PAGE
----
6th of June 2018

How To Prevent Glaucoma Through Your Lifestyle And Diet

Although the primary focus of glaucoma management in intraocular pressure (IOP) lowering, many patients want to know what else can be done to reduce their glaucoma risk or help control their disease. There are a few diet and lifestyle measures that can help with glaucoma; however these are to be used alongside regular glaucoma treatment, not instead of it.

How Your Diet Affects Glaucoma


As always, moderation is the best approach and this should be applied to the dietary suggestions outlined below.

1. Fruit and Vegetables:
Antioxidants and nitrates found in fruits and vegetables may reduce glaucoma risk. It is good to eat plenty of fruit and vegetables, especially those rich in Vitamin A and C, carotenes and nitrates. These include carrots, green leafy vegetables, cruciate vegetables, citrus fruits, berries and peaches. [1,2]

2. Vitamin B3
Vitamin B3 might be beneficial in preventing glaucoma, according to some lab-based evidence, and low levels of B3 might be harmful. [3,4] This does not mean oral supplements need to be taken – a healthy, balanced diet is sufficient for most people to get sufficient B3. Foods rich in B3 include turkey, chicken, mushrooms, peanuts, tuna, liver and Vegemite.

3. Omega-3 acids
Omega -3 fatty acids, found in oily fish (eg. salmon) and chia, can reduce the chance of glaucoma worsening, according to one study. [5]

4. Caffeine
Caffeine in coffee or other caffeinated drinks can raise your eye pressure for about two hours. [6] Caffeine increases the production of fluid (aqueous) within the eye. This does not cause any problems for most people, but people with glaucoma, especially advanced glaucoma should consider reducing caffeine intake if it exceeds 3-5 cups of coffee per day. [7] De-caffeinated drinks are probably a safer option for those at-risk people.

5. Tea
As caffeine levels in tea are low there is no additional risk from drinking tea. In fact, tea drinkers (one cup per day) may have lower rates of glaucoma than non-tea drinkers. [8] Tea contains flavonoids that may improving blood flow to the optic nerve and reduce glaucoma risk. [9]

6. Dark Chocolate
Dark chocolate also contains flavonoids and has been proven to be beneficial in patients with cardiovascular and vascular diseases. Further research is needed to know of there is any benefit for glaucoma patients. [10]

7. Alcohol
Red wine consumed in moderation may reduce the risk of glaucoma, but further studies are needed to confirm this. [11] Grapes contain antioxidants that may improve blood flow to the optic nerve and thereby make it more resistant to raised eye pressure. [12]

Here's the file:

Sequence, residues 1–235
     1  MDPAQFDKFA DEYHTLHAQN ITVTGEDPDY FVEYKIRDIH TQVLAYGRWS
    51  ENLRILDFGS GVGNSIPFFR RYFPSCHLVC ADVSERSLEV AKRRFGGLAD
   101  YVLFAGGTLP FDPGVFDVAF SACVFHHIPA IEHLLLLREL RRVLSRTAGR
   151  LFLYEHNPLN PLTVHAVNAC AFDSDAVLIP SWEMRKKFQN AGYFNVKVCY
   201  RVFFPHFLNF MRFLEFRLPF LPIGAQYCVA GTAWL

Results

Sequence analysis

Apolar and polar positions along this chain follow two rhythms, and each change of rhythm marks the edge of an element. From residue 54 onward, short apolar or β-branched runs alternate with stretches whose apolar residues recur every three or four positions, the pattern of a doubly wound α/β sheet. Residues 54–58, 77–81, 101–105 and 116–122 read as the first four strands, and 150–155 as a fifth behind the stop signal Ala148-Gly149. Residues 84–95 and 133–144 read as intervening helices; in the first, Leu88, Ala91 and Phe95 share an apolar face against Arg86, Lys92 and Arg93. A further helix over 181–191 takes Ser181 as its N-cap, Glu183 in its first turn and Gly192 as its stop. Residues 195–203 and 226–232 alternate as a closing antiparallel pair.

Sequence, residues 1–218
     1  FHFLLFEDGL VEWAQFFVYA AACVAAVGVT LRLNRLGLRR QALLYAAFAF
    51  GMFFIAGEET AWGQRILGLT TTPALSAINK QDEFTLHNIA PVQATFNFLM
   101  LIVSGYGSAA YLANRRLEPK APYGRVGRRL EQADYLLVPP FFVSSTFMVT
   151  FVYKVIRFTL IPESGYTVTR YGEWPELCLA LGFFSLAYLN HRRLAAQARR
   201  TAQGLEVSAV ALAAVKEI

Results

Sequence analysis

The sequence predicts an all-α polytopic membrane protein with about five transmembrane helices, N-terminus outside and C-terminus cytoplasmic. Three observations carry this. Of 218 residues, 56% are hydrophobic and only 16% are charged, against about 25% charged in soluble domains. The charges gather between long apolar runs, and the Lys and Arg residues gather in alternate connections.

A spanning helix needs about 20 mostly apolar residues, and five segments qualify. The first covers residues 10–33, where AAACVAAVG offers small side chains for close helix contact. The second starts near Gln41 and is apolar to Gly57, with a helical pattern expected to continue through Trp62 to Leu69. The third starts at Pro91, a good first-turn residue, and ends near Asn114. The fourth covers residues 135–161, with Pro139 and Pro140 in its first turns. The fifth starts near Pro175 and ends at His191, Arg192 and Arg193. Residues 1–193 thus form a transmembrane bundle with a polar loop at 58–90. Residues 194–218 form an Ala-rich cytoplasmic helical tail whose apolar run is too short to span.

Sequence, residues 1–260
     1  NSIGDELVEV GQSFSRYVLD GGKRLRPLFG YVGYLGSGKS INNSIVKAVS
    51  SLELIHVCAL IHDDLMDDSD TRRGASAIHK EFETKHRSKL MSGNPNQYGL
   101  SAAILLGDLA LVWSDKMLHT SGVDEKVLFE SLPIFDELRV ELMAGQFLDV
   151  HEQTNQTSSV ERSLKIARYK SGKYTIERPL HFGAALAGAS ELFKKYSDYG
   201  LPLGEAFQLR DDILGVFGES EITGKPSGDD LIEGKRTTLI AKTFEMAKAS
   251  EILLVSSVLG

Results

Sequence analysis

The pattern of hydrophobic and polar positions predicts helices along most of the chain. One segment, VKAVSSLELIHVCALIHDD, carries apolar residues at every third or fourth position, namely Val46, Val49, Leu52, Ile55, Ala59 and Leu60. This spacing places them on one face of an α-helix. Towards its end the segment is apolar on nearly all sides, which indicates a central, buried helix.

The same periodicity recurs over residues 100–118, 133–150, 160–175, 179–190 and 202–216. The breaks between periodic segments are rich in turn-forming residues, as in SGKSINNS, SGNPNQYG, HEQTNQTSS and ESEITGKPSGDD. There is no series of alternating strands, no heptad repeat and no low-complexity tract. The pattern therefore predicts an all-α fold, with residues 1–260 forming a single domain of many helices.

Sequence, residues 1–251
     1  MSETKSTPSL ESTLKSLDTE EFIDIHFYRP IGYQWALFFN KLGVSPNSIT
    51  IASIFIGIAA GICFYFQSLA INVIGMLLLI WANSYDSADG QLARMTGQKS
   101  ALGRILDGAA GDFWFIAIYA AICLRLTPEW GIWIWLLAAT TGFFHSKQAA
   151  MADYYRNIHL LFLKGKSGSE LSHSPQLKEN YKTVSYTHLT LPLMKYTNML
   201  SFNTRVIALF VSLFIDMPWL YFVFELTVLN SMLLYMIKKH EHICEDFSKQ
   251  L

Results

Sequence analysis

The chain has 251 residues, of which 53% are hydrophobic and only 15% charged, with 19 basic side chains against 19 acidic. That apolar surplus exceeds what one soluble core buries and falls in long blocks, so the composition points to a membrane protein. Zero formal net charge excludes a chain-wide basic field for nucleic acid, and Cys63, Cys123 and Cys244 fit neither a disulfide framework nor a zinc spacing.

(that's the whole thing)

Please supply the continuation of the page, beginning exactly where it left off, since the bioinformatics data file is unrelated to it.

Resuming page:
8. Water
It is very important to stay well hydrated; water is the essence of life. However too much volume of water in a short interval may transiently increase eye pressure especially if drainage of fluid (aqueous) from the eye is impaired. For people with glaucoma, especially advanced glaucoma, more frequent and smaller volumes of water, spread over a greater time period, is recommended.

9. Obesity
Obesity is linked with raised eye pressure. [13] Maintaining a healthy weight is beneficial to prevent many diseases, not just glaucoma.

10. Oral Supplements
There are no proven benefits for using dietary tablet-based supplements in glaucoma patients. [14]

 

How Your Lifestyle Affects Glaucoma

Most activities are not harmful for glaucoma; people with glaucoma should generally continue to do the things they love. However, the following activities should be limited for those with more advanced glaucoma:

1. Yoga

simon skalicky yoga lifestyle

Yoga positions can be associated with increased IOP, especially those with the head below or at level with the heart, [15] Yoga practitioners with glaucoma can continue their yoga but these positions are best avoided:

2. Wind instruments

Some wind instruments, eg trumpet, trombone, bagpipes, when played can increase pressure around the face and upper airways – this raises IOP and can worsen glaucoma. People with glaucoma should play these with caution among people with glaucoma (especially advanced glaucoma).

Other less forceful wind instruments eg clarinet, flute are quite safe.

3. Swimming

Swimming goggles can increase IOP while they are worn.(16) Smaller goggles that sink inside the eye socket are most concerning. Larger snorkelling-type goggles have less impact on eye pressure and are safer; these should be worn in preference to smaller ones. However, repeated goggles use has not been shown to be a risk for glaucoma.

4. Neck ties

Closed collars (with ties for example), if worn too tight can increase pressure in the veins of your head and neck and thus increase eye pressure too. People with glaucoma (especially more advanced glaucoma) should avoid tight neck ties.